The Ministry of Defence is insufficiently prepared for a significant increase in military casualties, according to a cross-party committee of MPs.

The Public Accounts Committee (PAC) called for better contingency planning for the treatment of seriously injured soldiers should its facility at Selly Oak become full.

Most seriously injured troops are taken to Selly Oak Hospital in Birmingham after their return to the UK. They are then often moved to Headley Court in Surrey for rehabilitation.

The PAC praised the treatment provided in recent years, saying that soldiers are surviving now who would have died in previous wars.

Some 565 service personnel have been seriously injured in Afghanistan and Iraq since October 2001.

But the committee said it is concerned that there is only a voluntary agreement with the NHS that soldiers would be taken to other West Midlands hospitals if Selly Oak is full.

It also urged that the "military culture" at Selly Oak would need to be transferred to any new sites for soldiers.

"The department does not have sufficiently detailed and robust contingency plans should Selly Oak become full," the PAC said in a report. "Injured military personnel should be treated in a military environment which is suitable for their needs.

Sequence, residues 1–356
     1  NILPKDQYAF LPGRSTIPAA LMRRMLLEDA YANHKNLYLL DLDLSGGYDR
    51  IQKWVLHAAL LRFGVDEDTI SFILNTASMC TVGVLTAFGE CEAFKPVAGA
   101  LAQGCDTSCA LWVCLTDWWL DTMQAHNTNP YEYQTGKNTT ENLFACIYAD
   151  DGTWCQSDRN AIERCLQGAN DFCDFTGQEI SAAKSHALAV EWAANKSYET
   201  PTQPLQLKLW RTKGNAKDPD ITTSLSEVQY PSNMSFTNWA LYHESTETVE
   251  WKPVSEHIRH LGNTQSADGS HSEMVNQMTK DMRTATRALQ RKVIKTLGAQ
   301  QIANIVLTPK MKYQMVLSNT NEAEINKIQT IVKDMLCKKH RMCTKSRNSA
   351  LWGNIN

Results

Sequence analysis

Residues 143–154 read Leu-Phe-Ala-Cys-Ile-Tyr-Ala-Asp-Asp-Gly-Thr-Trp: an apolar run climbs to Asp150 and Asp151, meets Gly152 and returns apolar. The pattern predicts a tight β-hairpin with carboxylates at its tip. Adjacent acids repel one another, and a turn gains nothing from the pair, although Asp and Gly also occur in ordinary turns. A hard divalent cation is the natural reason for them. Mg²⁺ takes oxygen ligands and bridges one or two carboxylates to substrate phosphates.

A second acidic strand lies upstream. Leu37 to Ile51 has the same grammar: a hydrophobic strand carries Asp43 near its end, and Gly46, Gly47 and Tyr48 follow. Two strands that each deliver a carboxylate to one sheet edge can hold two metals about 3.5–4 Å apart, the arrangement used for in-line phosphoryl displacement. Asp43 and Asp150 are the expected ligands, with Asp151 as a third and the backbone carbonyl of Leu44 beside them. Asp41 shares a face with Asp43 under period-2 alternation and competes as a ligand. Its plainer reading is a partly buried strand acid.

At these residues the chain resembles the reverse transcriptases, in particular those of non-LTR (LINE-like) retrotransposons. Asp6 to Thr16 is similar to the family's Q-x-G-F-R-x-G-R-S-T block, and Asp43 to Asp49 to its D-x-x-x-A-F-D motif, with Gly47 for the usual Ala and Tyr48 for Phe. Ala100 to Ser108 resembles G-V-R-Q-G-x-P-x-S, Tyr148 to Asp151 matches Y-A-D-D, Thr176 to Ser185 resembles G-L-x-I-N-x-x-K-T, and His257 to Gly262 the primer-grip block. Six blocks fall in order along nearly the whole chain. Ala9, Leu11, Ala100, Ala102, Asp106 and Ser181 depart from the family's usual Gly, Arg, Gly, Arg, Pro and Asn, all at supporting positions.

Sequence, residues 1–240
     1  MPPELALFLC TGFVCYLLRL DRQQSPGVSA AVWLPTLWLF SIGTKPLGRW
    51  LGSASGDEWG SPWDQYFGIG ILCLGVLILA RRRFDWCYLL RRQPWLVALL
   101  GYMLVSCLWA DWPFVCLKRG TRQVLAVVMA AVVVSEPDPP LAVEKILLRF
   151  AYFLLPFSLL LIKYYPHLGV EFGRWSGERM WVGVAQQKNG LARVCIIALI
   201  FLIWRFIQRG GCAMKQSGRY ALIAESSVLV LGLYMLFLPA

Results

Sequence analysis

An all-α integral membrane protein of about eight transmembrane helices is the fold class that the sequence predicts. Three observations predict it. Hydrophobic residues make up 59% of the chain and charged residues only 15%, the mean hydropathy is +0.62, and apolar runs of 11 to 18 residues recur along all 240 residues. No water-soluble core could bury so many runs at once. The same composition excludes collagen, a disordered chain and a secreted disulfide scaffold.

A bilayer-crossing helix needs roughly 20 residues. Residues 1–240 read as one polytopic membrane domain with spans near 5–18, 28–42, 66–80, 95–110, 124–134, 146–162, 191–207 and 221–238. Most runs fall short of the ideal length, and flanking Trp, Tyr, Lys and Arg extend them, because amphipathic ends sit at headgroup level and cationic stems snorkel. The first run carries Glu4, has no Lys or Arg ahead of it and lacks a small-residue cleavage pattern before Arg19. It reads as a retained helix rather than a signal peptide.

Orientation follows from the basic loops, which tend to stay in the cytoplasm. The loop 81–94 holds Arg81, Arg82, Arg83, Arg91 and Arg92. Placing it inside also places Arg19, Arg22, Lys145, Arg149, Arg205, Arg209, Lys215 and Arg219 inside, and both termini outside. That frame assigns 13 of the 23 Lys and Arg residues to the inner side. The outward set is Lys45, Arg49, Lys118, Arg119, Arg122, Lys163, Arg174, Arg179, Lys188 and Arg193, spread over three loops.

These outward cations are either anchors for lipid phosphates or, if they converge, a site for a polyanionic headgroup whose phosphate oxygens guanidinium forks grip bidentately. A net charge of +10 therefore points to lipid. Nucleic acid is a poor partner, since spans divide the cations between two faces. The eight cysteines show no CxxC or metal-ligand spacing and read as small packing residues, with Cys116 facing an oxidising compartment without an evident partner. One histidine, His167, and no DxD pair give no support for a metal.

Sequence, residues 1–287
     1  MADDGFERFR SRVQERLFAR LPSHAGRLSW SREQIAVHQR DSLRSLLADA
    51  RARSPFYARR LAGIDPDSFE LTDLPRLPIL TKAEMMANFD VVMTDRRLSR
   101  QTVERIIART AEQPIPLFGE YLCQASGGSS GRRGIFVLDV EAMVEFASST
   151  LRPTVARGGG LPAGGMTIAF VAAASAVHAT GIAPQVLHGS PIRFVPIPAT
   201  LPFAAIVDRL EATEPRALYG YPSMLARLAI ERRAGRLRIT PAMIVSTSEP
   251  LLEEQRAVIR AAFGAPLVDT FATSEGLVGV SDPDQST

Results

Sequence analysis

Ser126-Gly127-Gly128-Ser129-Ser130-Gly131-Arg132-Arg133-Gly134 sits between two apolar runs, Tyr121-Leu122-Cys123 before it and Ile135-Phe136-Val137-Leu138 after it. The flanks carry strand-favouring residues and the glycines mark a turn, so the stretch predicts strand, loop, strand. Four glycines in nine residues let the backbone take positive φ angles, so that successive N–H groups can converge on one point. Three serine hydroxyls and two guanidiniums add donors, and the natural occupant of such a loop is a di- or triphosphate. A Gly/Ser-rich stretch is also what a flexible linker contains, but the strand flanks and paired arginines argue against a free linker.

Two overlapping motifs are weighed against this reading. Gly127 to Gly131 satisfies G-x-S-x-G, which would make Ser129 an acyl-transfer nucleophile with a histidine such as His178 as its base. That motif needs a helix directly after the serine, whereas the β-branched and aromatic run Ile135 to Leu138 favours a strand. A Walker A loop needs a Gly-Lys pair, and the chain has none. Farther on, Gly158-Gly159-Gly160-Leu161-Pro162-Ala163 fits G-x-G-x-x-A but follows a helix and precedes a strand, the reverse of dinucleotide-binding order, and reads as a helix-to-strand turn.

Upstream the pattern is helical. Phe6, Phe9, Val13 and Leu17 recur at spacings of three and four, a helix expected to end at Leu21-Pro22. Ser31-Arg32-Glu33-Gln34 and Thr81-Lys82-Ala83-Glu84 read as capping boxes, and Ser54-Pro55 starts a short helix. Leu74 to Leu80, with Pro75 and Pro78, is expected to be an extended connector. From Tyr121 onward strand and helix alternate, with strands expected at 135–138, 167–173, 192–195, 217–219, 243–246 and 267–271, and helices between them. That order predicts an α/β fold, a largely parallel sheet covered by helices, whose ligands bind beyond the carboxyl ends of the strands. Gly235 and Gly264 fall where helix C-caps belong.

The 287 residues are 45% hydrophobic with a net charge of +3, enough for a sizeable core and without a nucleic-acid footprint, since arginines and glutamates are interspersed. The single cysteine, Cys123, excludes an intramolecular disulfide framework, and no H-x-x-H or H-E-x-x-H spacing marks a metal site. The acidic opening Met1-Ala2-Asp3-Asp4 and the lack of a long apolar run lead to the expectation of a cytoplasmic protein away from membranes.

"If Selly Oak remains under pressure for more than five days there are arrangements for military patients to be treated in other hospitals across the UK, but these arrangements need strengthening."

It added that the Ministry of Defence needs a "more robust" plan detailing which NHS hospitals military patients would go to, and how it would replicate elsewhere Selly Oak's expertise and experience with serious battlefield injuries.

The PAC said that a further "long-term challenge" for the Ministry of Defence, the NHS and other Government departments is the lifelong care a growing number of soldiers need.

The arrangements for their support after leaving the armed forces is still widely untested as few have been discharged

"The department now needs to work with wider government to put in place an overarching system to ensure that soldiers' clinical care and support for their families is maintained in the longer term," the committee said.

"This system should include a clear, costed plan to provide this care and support, and arrangements for monitoring the accessibility and standard of care for veterans."

Tory MP Edward Leigh, chairman of the PAC, said the Ministry of Defence and its medical staff are providing care that compares "favourably" with the best NHS hospitals.

"What concerns us is the extent to which the MoD would continue to be able to provide that high standard of care if the casualty rate were to increase significantly," he said.

"Selly Oak Hospital, where returning casualties are first treated, offers injured troops a military culture and environment, expertise in dealing with serious battlefield injuries and wider support for families."